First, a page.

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Gallstones

  • What are Gallstones?

    Gallstones are small stone-like materials found in the gallbladder. The gallbladder is a small sac that contains the bile, which is the digestive fluid produced by the liver to break down and digest fats.

    Gallstones are made of hardened bile. The bile is made up of cholesterol, water, fats, bile salts and bilirubin (red blood cells waste product). If the bile contains high levels of cholesterol, bilirubin or bile salts, it becomes less aqueous and therefore hardens into stones.

    Gallstones can be present as one large gallstone, the size of a golf ball, or as little stones, or even a combination of both. There are two types of gallstones:

    • Cholesterol Stones which are the most common type
    • Pigment Stones which are formed when there is high level of bilirubin in the system

    You may have mixed stones, both Cholesterol Stones and Pigment Stones.

  • Gallstones are caused by an imbalance in the bile components.

    Cholesterol gallstones are caused by increased levels of cholesterol and bilirubin in the bile, as well as reduced levels of bile salts.

    Pigment stones tend to occur in people who suffer from Liver Cirrhosis, infection of the biliary tract, and genetic blood disorders.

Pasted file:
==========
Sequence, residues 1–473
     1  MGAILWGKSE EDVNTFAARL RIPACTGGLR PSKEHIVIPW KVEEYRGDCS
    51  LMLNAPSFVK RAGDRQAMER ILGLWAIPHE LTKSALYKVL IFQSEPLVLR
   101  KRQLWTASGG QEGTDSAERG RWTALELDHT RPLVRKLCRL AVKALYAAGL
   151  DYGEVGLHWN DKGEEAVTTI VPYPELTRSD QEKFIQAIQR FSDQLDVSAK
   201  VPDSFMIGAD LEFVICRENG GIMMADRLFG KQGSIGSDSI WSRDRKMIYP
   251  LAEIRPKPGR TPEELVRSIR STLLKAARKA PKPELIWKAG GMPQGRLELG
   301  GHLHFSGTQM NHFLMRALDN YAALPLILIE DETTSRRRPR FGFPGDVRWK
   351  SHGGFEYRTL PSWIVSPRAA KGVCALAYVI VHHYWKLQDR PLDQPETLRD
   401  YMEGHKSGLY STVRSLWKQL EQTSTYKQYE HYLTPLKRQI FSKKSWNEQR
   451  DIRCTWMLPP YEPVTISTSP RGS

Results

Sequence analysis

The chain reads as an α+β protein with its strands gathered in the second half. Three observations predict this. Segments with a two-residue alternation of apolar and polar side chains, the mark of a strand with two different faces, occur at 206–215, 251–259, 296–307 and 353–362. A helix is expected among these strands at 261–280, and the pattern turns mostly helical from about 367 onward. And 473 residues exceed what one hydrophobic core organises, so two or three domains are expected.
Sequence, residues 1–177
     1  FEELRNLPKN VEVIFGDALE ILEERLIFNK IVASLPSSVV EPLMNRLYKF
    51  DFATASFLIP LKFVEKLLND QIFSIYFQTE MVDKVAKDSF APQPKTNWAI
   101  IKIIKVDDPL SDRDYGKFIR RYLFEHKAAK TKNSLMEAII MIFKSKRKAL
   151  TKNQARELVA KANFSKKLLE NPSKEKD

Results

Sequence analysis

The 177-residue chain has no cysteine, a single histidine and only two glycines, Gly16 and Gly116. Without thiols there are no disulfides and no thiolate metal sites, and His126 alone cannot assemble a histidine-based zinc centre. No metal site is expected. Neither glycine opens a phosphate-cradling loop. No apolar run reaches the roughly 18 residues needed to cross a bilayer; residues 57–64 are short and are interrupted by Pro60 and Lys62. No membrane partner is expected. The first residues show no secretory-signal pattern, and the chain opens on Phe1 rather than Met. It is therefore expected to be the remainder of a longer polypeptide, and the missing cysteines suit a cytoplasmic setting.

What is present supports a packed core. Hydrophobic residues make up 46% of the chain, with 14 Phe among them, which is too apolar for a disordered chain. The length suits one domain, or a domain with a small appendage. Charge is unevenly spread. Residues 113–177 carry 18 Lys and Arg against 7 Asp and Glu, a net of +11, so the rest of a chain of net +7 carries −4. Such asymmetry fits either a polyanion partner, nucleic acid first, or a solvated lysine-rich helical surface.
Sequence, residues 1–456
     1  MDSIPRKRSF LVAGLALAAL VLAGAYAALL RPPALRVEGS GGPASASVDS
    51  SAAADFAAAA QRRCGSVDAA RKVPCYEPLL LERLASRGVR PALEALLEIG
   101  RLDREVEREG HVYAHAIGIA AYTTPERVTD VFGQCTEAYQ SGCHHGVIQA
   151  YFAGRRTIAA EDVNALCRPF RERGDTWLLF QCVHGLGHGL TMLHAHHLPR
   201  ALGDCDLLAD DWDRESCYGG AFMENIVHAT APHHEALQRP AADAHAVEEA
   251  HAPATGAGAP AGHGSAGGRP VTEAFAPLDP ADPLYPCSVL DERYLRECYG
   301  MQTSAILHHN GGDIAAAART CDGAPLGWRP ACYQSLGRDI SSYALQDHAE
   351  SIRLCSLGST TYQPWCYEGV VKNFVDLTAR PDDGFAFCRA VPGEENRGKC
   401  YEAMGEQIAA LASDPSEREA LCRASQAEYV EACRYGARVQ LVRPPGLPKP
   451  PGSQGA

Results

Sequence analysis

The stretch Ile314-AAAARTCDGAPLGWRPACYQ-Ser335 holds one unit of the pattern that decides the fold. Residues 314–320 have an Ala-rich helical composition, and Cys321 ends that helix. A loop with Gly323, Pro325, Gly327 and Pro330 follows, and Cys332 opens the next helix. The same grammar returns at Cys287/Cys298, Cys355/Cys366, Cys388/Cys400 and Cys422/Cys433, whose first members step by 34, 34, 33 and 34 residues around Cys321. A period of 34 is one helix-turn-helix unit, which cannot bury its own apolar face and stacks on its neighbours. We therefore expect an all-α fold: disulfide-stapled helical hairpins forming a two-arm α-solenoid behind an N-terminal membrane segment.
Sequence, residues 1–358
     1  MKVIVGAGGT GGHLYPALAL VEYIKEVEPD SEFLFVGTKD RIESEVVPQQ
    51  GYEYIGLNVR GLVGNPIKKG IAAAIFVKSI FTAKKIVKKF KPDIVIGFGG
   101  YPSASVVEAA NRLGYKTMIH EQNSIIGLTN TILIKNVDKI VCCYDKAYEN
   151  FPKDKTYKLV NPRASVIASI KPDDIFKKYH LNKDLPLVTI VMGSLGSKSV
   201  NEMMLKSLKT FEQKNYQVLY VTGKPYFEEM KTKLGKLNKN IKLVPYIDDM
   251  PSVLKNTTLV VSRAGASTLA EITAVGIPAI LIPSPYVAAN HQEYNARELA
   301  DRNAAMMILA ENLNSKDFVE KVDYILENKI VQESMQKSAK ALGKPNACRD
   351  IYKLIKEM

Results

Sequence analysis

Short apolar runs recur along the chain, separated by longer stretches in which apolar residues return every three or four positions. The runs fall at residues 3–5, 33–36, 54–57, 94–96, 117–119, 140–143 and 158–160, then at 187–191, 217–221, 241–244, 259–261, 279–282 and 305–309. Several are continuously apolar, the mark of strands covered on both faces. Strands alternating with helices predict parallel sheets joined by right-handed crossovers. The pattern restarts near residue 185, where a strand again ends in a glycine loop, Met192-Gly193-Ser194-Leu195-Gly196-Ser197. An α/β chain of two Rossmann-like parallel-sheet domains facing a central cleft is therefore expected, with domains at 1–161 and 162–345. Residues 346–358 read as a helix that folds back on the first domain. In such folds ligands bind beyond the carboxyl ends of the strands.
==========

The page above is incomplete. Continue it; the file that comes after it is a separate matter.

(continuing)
There are also other reasons that trigger the formation of Gallstones, and these include:

    • Cholesterol-reducing drugs which lowers the cholesterol levels in the blood but in the meantime lead to increased secretion of cholesterol in the bile
    • Diabetes
    • Excess oestrogen levels
    • Fasting
    • Gender – Women aged between 20 and 60 years are more prone to Gallstones formation than men
    • Increasing age (>60 years)
    • Obesity which can leads to high levels of cholesterol in the bile
    • Rapid weight loss

    The mere presence of Gallstones is believed to initiate the formation of more Gallstones

  • The symptoms of Gallstones depend on the size, severity and location of your Gallstones, and they include:

    • Abdominal bloating
    • Burping
    • Clay-coloured stools
    • Fever and chills
    • Indigestion
    • Jaundice (yellowing of skin and eyes)
    • Nausea and vomiting
    • Sharp pain in the upper abdomen

    The symptoms of gallstones usually occur after having a fatty meal, and at night. Some people though don’t show any symptoms. They are said to have silent stones, and these stones do not affect the gallbladder, liver or pancreas function.

  • The treatment of Gallstones depends on your age and your general health. Your doctor will recommend the suitable treatment for your specific condition. The Gallstones can be left untreated, or they can be removed using the following methods:

    • Cholecystectomy, which is the surgical removal of the gallbladder
    • Medication to dissolve small Gallstones
    • Sphincterotomy, which involves cutting the sphincter (the muscle between the common bile duct and the duodenum) to allow better access to the common bile duct (the bile duct is the tube that carries bile from the liver to the gallbladder and intestines)
    • Acute or chronic inflammation of the gallbladder (Cholecystitis)
    • Gangrene of the gallbladder
    • Infection of the common bile duct (Cholangitis)
    • Inflammation of the pancreas (Pancreatitis)
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